Scope of the Position:
The Under Secretary for Acquisition, Technology, and Logistics (AT&L) is tasked with securing various resources for the broader Department of Defense, including the physical materials needed for the production of war goods, technology, research and development, and acquisition reform. The position manages the logistical networks and power needed to maintain the activities of the DoD and ensure they are secured and functioning. The Under Secretary serves as the senior procurement executive for the Department and leads efforts to increase buying power and acquisition performance.
Illustrative Management Challenges:
Call for Reform
Critical opponents of the AT&L view the division as "a bureaucratic albatross that stifles innovation and efficiency."1 Members of Congress have suggested dividing the position of Under Secretary of AT&L into an Assistant Secretary for Research and Engineering and an Under Secretary for Management and Support. These suggestions come in the wake of a long discussion on the efficiency of the current position. Many hope to reform the position to better serve acquisition needs and cut down on bureaucracy.
The Better Buying Power initiatives established in 2010 are designed to establish affordable and competitive weapon acquisition programs for the DoD.2 The Weapon Systems Acquisition Reform Act of 2009 further attempts to streamline the acquisition process. Despite reform efforts, the Department still struggles with programmatic problems such as cost overruns and schedule delays of acquisition programs. Competitive contracts reduce wasteful spending while encouraging innovation throughout the Department.
According to the Inspector General's Summary of Management and Performance Challenges for FY 2015, the Department is "focusing on improving requirements definitions for services, strengthening contract management outside the normal acquisition chain, and developing enterprise approaches for improving the effectiveness and productivity of contracted engineering and technical services, among other initiatives." In addition to these reports, the Government Accountability Office added DoD Weapon Systems Acquisition to its 2015 High Risk List. The report acknowledged a vacuum on economic returns for Defense Acquisition, urging the Department to receive "better returns on its weapon system investments and find ways to deliver capability to the warfighter for less than it has in the past."3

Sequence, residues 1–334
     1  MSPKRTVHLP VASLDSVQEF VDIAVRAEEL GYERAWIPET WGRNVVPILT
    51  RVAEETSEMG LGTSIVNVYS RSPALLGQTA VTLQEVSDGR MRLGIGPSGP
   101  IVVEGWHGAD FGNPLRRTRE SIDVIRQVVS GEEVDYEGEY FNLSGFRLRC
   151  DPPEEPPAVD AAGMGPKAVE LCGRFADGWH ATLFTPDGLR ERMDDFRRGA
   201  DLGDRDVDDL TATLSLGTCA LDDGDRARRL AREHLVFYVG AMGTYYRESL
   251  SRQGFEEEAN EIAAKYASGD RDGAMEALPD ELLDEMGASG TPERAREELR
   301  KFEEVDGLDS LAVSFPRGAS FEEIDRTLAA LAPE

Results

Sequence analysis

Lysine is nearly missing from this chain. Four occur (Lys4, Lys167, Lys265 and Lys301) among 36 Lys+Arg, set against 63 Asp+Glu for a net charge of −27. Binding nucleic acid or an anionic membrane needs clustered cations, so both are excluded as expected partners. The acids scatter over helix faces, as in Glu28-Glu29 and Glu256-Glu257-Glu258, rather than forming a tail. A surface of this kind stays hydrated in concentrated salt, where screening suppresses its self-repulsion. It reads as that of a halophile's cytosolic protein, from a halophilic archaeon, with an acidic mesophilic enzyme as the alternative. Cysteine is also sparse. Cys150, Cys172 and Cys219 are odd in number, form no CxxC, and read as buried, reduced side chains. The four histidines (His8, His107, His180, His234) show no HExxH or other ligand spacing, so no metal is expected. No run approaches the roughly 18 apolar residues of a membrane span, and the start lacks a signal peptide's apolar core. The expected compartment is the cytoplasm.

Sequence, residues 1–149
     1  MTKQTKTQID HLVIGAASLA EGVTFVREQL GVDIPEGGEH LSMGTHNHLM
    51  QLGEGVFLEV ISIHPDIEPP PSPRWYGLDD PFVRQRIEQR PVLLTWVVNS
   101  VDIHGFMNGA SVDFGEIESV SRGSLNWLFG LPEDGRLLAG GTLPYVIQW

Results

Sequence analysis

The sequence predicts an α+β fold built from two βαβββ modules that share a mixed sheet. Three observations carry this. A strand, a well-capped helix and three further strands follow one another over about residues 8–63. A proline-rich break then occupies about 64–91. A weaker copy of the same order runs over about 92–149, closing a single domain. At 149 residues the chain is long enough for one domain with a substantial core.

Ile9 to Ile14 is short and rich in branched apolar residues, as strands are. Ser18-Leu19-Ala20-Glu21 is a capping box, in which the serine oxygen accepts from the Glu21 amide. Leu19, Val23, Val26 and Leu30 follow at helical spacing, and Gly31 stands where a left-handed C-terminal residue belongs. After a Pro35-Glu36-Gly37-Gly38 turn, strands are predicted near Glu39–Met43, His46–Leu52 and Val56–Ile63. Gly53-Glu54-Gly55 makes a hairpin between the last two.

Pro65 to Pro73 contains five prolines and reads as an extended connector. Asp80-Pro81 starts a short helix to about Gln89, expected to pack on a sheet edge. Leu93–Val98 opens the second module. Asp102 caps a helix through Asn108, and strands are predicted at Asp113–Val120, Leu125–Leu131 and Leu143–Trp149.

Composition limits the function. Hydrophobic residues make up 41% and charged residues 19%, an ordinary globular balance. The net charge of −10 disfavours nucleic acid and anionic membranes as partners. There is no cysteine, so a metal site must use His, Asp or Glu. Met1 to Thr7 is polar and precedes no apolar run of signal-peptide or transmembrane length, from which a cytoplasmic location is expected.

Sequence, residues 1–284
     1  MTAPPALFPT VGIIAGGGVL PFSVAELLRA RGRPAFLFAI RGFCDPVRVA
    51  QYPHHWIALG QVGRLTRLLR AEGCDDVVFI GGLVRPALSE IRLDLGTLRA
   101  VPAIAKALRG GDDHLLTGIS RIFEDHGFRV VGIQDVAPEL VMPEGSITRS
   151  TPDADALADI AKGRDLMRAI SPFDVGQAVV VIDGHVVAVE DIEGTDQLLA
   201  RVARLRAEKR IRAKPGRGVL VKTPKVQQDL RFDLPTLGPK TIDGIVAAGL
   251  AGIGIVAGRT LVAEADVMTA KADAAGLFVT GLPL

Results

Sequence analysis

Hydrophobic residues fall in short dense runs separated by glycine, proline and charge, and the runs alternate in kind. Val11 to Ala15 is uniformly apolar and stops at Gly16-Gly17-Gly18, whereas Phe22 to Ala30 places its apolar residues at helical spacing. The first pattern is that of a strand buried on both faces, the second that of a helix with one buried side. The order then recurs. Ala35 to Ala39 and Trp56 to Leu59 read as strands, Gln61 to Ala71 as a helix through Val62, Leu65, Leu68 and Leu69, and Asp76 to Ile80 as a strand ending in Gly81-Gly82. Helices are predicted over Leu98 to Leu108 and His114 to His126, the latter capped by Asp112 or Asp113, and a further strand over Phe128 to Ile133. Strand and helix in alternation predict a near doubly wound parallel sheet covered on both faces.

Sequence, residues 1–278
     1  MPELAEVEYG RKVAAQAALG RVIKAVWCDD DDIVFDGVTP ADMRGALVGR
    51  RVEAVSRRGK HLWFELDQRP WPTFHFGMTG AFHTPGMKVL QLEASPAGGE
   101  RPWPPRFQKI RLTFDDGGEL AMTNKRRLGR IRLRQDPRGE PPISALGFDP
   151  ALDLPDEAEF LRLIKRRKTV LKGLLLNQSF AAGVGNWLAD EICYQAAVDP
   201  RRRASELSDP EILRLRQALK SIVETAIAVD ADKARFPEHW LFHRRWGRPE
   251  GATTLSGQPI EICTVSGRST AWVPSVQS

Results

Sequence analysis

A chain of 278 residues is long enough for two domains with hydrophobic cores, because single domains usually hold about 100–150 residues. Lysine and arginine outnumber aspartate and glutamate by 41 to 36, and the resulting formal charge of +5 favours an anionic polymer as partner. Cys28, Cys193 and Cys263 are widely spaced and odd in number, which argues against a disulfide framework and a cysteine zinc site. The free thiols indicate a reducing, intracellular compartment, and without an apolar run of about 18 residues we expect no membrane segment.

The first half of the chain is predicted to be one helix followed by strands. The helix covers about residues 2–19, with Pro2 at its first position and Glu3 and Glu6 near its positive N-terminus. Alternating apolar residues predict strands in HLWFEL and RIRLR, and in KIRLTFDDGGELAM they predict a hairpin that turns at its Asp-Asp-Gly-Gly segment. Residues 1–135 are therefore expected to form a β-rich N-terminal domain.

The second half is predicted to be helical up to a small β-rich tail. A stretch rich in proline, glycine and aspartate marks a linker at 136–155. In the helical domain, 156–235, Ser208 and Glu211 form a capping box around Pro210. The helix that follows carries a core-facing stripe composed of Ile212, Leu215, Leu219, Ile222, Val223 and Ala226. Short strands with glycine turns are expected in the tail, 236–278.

Maintaining Acquisition Workforce
Maintaining adequate training and workforce development remains a crucial objective for the division.2 Acquisition personnel rose from about 150,000 in FY 2014 to more than 152,000 in FY 2015, which places pressure on senior management to improve the workforce through improved hiring, training, and development initiatives. Ultimately, departmental buying power and acquisition hinge upon the workers' ability to perform their responsibilities. GAO also recommends that the DoD focus on "attracting, training, and retaining acquisition staff and managers so that they are both empowered and accountable for program outcomes."3
1This is No Way to Fix Defense Acquisition; www.govexec.com; June 14, 2016.
2Inspector General's Summary of Management and Performance Challenges for FY2015, www.dodig.mil.
3DOD Weapon Systems Acquisition; www.gao.gov; February 11, 2015.
Under Secretaries for Acquisition, Technology, and Logistics:
The majority of AT&L Under Secretaries come from a strong science and engineering background, and many served in senior positions with private sector engineering, technology, and aerospace firms. Government experience is an added bonus, but judging by the backgrounds of previous position holders, it does not seem necessary for success as an AT&L Director.
Frank Kendall III (2011-present): Kendall brings over 40 years of experience in management, defense acquisition, and engineering to his appointment as Under Secretary. His career spans across defense consultation, engineering management, and technology assessment. His previous positions include Vice President of Engineering with the Raytheon Company and Managing Partner at Renaissance Strategic Advisors. Kendall held several positions in the Defense Department prior to his appointment, including Director of Tactical Warfare Programs and Assistant Deputy Under Secretary of Defense for Strategic Defense Systems. Kendall holds various degrees, including an MA in aerospace engineering, an MBA, and a JD from Georgetown University Law Center.
Previous Under Secretaries: